I don’t know what it is, but there’s something almost spiritual in many modern songs in te Reo Māori, and Tangaroa Whakamautai is no exception. I find it exquisitely beautiful. I hope you do too. This song by Kiwi singer songwriter Maisey Rika was released in September 2012.
Some of the music video was shot on Whakaari (White Island), which is an active volcano that lies about 50Km (30 miles) off the coast of Aotearoa. It erupted explosively in 2019 killing 22 people and seriously burning and injuring 25 others. Access to the island is now prohibited to tourists.
Tangaroa Whakamautai Te ararau o Tangaroa E rere ki te papaurunui Te ararau o Tangaroa E rere ki te papaurunui Te ararau o Tangaroa E rere ki te papaurunui Tahora nui ātea Te manawa o te moana Te mauri o Tangaroa Tangaroa whakamautai Tangaroa whakamautai Tūtara Kauika He poutiriao Te wai o Tangaroa Te wai o Tangaroa Te tangi a te tohorā He tohu nō aituā Te mau a Tangaroa Te mau a Tangaroa He kaitiaki He taonga He tipua He ariki He taniwha He tipua He kaitiaki He taonga He tipua Tangaroa whakamautai
An English translation by Maisey Rika:
The various waterways of Tangaroa
Flow back into its voluminous source
The vast expanse
The heart of the ocean
The life-force of Tangaroa
Tangaroa commander of the tides
A pod of whales (or in reference to Tūtara Kauika the historical whale guardian ancestor)
A supernatural phenomenon
Evolving from the waters of Tangaroa
The waters of Tangaroa
The cry of the whale
Signals a warning
The power of Tangaroa
The power of Tangaroa
Tangaroa commander of the tides
A precious treasure
A strange / supernatural being
Of the ancient prehistoric realm
A precious treasure
A strange / supernatural being
Tangaroa commander of the tides.
They look lovely when on the trees and even look quite pretty when the dropping petals first land on the footpath, but…
They stick like glue to the footpath making them almost impossible to sweep away unless…
Someone walks over them, where they stick like glue to the soles of shoes or to Frankie the cat’s fur, again making them almost impossible to remove, unless…
The aforementioned shoes or cat come in contact with the carpeting in the car or the house entry points where those damned petals stick like glue to said carpet and become impossible to remove even with the vacuum cleaner, unless…
I pick up each decaying petal one by one where they stick to my fingers and I find them impossible to remove, unless…
Please let me discover another unless
For America and Americans there isn’t any, but for us in Aotearoa there is an upside. Especially when it comes to women’s health. The reality is that in America, and especially in the conservative south, many professionals working in women’s health live in fear – fear of being shot, fear of their work places being bombed, fear that their families might become targets for anti-abortion extremists. Who would choose to live like that? If enquiries from American health professionals to New zealand recruitment services are anything to go by, many have chosen to seek safer pastures.
For many decades, Aotearoa, like many smaller nations have have been the happy hunting ground where large American and European health organisations poach health professionals by offering eye watering salaries way beyond our capacity to pay. We simply don’t have those resources. As a consequence this country is critically short of medical staff in practically every field. And covid has only made thing worse with staff often working beyond the point of exhaustion. But perhaps the tables are about to be turned.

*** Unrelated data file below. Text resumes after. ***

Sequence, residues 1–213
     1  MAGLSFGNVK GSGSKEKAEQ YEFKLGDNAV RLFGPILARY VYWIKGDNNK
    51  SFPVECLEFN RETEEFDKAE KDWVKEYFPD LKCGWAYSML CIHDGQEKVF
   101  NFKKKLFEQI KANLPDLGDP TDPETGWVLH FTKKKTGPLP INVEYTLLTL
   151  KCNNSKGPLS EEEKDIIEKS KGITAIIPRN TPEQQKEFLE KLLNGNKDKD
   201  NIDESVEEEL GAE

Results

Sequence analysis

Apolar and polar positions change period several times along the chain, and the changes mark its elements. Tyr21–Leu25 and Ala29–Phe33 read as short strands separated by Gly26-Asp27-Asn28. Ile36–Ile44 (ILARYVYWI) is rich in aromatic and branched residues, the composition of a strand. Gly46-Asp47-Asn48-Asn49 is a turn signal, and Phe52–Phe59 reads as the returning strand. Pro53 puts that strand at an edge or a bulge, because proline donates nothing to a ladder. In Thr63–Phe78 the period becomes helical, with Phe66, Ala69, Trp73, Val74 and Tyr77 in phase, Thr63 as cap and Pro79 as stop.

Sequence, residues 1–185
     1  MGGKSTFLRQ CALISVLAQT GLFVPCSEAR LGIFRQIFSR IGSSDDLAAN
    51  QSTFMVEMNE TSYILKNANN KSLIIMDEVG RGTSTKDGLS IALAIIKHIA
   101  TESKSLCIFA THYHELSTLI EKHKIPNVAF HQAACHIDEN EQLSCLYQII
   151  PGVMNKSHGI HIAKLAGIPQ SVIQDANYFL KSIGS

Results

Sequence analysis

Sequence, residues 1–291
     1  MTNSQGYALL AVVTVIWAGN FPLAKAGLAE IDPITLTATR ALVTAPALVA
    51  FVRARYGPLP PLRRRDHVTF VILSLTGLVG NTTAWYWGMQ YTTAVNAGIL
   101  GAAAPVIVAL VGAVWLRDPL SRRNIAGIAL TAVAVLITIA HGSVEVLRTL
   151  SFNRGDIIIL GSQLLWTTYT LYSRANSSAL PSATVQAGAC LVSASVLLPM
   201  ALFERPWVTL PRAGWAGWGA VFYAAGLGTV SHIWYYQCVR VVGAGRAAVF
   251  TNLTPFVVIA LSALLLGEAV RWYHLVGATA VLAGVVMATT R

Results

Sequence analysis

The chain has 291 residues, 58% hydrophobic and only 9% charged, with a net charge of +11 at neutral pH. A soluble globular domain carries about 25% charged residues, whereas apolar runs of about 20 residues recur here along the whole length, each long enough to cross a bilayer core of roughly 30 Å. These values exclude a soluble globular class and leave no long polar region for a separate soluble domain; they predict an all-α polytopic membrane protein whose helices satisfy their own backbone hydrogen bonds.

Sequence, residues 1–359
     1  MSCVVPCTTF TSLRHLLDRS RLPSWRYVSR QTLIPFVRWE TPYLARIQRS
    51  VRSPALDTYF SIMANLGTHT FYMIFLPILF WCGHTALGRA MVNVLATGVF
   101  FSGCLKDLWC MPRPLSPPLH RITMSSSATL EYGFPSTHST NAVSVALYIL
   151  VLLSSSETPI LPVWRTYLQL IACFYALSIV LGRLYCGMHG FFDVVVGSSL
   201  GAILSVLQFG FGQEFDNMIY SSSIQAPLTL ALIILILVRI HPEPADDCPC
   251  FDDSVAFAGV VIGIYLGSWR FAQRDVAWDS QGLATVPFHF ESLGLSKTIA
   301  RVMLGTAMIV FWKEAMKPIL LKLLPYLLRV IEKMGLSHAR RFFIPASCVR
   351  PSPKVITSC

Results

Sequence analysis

While I have the deepest sympathy for American women who have had their bodily autonomy stolen, I’m grateful that as a consequence of Roe vs Wade, many qualified and experienced health professionals are looking for alternative places where they can practice what they have been trained to do without fear of imprisonment and without fear for their safety, the safety of their families, safety in their place of work and safety for their patients. Many are seeking to make a new, safer and more balanced life for themselves and their families here in Aotearoa. We benefit by a reduction in our critical shortage of health professionals. Everyone wins (except for America and its women).
The YouTube video below is from Sunday, a weekly documentary series shown on TVNZ’s ONE channel. This episode describes the plight of American women seeking abortions in the south of America and also the plight of their health professionals. I can’t imagine living like that. I suspect this outside perspective of what America has become will be unsettling to many of its citizens, but I also suspect that those who should see it will be the last to even consider watching a foreign documentary. That’s what religious and political intolerance does.
Halloween was a few days ago. It’s an event I ignore. It didn’t exist in Aotearoa when I was growing up and personally I’d be happy if it remained so today. Thankfully, our current home has not been visited for Trick or Treating since we moved here 16 years ago. Perhaps it’s the unlit, tree lined zig-zag path that leads to the front door that puts kids off. Whatever the reason, it means I don’t have to pretend that Halloween is fun.
Halloween has brought up the topic of how folk with aphantasia (the inability to visualise mental images), such as myself, react to scary stories. Apparently we don’t. It might explain why I had no interest in sharing scary stories as a child. According to a Royal Society Publishing article the fear induced while reading or hearing a scary story relies on being able to create a mental image of the situation/event being described. No image, no fear.
The study measured skin conductivity of subjects while being presented with a scary or frightening story such as being in an aircraft as it crashed, or being trapped in a room full of spiders that then begin crawling over you. It’s well established that strong emotions are linked to skin moisture – the stronger the emotion, the wetter the skin becomes, lowering its electrical resistance. The control group showed significant increases in skin conductivity during the presentation of the scary stories but the aphantasiacs “flatlined” showing no change in emotions.